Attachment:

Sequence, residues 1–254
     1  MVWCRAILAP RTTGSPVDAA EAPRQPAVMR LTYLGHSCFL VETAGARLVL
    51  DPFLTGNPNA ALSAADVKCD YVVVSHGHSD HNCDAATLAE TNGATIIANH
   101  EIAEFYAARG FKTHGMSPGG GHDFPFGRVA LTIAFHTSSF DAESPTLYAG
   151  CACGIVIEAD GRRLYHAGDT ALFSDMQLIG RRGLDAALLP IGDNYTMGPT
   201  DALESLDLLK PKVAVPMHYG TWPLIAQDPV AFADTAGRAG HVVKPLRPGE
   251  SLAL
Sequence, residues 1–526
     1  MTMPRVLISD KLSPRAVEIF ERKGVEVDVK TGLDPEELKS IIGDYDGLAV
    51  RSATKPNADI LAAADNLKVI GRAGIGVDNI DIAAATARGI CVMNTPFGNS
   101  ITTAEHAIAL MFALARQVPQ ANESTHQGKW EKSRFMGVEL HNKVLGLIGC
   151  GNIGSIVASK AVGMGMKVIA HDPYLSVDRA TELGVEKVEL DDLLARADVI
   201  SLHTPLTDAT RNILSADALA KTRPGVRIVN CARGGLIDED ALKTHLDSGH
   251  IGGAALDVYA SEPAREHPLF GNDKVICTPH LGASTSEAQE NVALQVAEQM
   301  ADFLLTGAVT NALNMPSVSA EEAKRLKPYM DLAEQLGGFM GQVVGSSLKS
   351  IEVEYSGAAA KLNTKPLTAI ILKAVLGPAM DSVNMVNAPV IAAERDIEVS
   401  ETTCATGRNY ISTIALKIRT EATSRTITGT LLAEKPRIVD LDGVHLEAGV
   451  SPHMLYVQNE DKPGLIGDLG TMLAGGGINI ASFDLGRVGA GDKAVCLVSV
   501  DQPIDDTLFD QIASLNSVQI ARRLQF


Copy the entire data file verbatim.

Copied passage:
Sequence, residues 1–254
     1  MVWCRAILAP RTTGSPVDAA EAPRQPAVMR LTYLGHSCFL VETAGARLVL
    51  DPFLTGNPNA ALSAADVKCD YVVVSHGHSD HNCDAATLAE TNGATIIANH
   101  EIAEFYAARG FKTHGMSPGG GHDFPFGRVA LTIAFHTSSF DAESPTLYAG
   151  CACGIVIEAD GRRLYHAGDT ALFSDMQLIG RRGLDAALLP IGDNYTMGPT
   201  DALESLDLLK PKVAVPMHYG TWPLIAQDPV AFADTAGRAG HVVKPLRPGE
   251  SLAL
Sequence, residues 1–526
     1  MTMPRVLISD KLSPRAVEIF ERKGVEVDVK TGLDPEELKS IIGDYDGLAV
    51  RSATKPNADI LAAADNLKVI GRAGIGVDNI DIAAATARGI CVMNTPFGNS
   101  ITTAEHAIAL MFALARQVPQ ANESTHQGKW EKSRFMGVEL HNKVLGLIGC
   151  GNIGSIVASK AVGMGMKVIA HDPYLSVDRA TELGVEKVEL DDLLARADVI
   201  SLHTPLTDAT RNILSADALA KTRPGVRIVN CARGGLIDED ALKTHLDSGH
   251  IGGAALDVYA SEPAREHPLF GNDKVICTPH LGASTSEAQE NVALQVAEQM
   301  ADFLLTGAVT NALNMPSVSA EEAKRLKPYM DLAEQLGGFM GQVVGSSLKS
   351  IEVEYSGAAA KLNTKPLTAI ILKAVLGPAM DSVNMVNAPV IAAERDIEVS
   401  ETTCATGRNY ISTIALKIRT EATSRTITGT LLAEKPRIVD LDGVHLEAGV
   451  SPHMLYVQNE DKPGLIGDLG TMLAGGGINI ASFDLGRVGA GDKAVCLVSV
   501  DQPIDDTLFD QIASLNSVQI ARRLQF